Texas A&M head coach Jimbo Fisher listens to a question during NCAA college football Southeastern Conference media days at the College Football Hall of Fame in Atlanta, Monday, July 16, 2018. (AP Photo/John Bazemore)

ATLANTA — Camera shutters clicked and eyes peered up from computer screens across the College Football Hall of Fame floor Monday as a Nick Saban disciple emerged from behind the stage to make his SEC Media Days debut.

"Howdy," the coach said as he took the podium and adjusted the microphone. "See, ya'll don't know. You're supposed to say 'howdy' back. That's an A&M thing."

Tennessee coach Jeremy Pruitt's turn at the event will come Wednesday. Monday belonged to another newcomer in the SEC head coach club with ties to Saban and experience at Florida State.

First-year Texas A&M coach Jimbo Fisher's place as an SEC head coach is new, but his understanding of the league is a quarter-century in the making. The former Auburn and LSU assistant, who spent the last eight years as Florida State's head coach, seemed at ease strolling from room to room and addressing his astronomical contract and the expectations accompanying it as he led off the annual preseason frenzy.

Since leaving the SEC for Florida State after the 2006 season, Fisher has watched former boss Saban win five national championships at Alabama. Meanwhile, two defensive coordinators whom Fisher employed in Tallahassee have become SEC head coaches themselves.

Pruitt was the defensive coordinator under Fisher in 2013 when the Seminoles snapped the SEC's streak of seven straight national championships by defeating Auburn 34-31 in the BCS national championship game.

"As I said, he could have been a head coach a long time ago," Fisher said of Tennessee's new head coach. "He has bided his time and got the right job. I think he'll be a great opponent."

Fisher won't face Pruitt this season — barring an improbable SEC championship game matchup — but he will face Mark Stoops, who was Pruitt's predecessor as Florida State's defensive coordinator. An Oct. 6 home game against Stoops' Kentucky team is sixth on the Aggies' schedule.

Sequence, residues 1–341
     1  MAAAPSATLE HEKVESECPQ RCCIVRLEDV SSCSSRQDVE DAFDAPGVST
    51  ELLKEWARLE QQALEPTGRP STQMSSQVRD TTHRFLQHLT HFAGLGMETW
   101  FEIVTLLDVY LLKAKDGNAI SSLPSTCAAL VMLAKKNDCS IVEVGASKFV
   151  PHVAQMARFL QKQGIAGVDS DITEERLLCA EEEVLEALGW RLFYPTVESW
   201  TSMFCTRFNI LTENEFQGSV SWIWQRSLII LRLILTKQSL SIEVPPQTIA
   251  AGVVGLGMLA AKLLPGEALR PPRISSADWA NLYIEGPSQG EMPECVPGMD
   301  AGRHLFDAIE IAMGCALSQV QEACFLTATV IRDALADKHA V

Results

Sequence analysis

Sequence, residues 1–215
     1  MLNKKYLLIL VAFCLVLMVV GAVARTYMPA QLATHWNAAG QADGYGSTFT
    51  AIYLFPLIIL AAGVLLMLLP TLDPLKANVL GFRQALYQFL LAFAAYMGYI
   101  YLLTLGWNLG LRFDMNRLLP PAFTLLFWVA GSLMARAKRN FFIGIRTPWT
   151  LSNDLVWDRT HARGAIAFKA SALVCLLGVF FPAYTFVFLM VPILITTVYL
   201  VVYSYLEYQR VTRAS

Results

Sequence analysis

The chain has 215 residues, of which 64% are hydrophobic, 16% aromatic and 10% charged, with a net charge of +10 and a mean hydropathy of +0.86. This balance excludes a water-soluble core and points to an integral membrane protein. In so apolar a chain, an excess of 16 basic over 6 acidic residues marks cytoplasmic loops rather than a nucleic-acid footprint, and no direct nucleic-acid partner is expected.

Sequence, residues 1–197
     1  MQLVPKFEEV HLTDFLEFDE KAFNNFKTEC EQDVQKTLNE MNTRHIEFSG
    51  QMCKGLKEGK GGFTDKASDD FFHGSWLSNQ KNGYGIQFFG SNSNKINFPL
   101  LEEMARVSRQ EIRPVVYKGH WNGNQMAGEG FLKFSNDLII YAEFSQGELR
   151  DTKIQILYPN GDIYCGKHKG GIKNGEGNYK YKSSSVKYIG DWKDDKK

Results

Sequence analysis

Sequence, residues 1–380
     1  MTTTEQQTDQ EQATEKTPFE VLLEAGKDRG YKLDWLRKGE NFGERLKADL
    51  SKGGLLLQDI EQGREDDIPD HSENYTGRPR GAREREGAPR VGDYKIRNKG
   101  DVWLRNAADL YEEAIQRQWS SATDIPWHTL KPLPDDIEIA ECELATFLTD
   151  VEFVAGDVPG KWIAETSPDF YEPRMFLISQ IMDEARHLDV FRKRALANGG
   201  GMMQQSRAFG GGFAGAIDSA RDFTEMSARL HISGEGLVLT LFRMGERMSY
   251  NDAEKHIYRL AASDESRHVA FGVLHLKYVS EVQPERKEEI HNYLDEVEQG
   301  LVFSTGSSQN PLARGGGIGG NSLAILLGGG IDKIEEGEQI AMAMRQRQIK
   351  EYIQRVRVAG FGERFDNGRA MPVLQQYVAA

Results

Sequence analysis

The 52-year-old Fisher also will have to face Saban in trying to lead the Aggies to new heights. That week four game at Alabama is just one stop on Fisher's SEC reintroduction tour.

"I was at Auburn for six (years) and LSU for seven," Fisher said. "I mean, every week is for the national championship because the teams you play have the capabilities of being there. And whoever can survive that gauntlet of games and come out of there, you know is going to compete. And whoever wins the SEC has a chance to win the national championship. You can play with anybody in the country."

A&M plays Florida State rival Clemson in the second week of the season, a matchup that will provide an early test of Fisher's efforts to toughen the Aggies' demeanor. He denied the assertion that he believed last year's A&M team coached by Kevin Sumlin was "soft," but the Aggies' player representatives Monday seemed to get that message from Fisher and the staff during the spring.

"He didn't make any specific indications whether or not we were soft," junior offensive lineman Erik McCoy said. "He just thought we were soft overall. That's something that we've instilled in our minds not to be."

The expectations of a 10-year, $75-million contract and the not-so-subtle pining for a national championship in College Station reduce the margin for error in the task that lies ahead for Fisher, though he demurred Monday when asked about a time line for winning a title.

"If I didn't think we could win national championships, I wouldn't have taken it," Fisher said of his new job. "I had a great job where I was at, Florida State, and had no plans on leaving. They always say that you get the best opportunities when you're not looking for them.

"You start looking at the resources and the commitments the school makes, and I'm not talking just athletically and facility-wise. It's an unbelievable school. The culture of that university is unbelievable. There's an academic tradition that's second to none."

Then there is the tradition of saying "howdy."

Walking into his second media session of the day, Fisher offered the authentic Texas greeting once again.

"When I say 'howdy,' everybody's got to say 'howdy' back," Fisher said. "Dadgum. We've got to get all this down."

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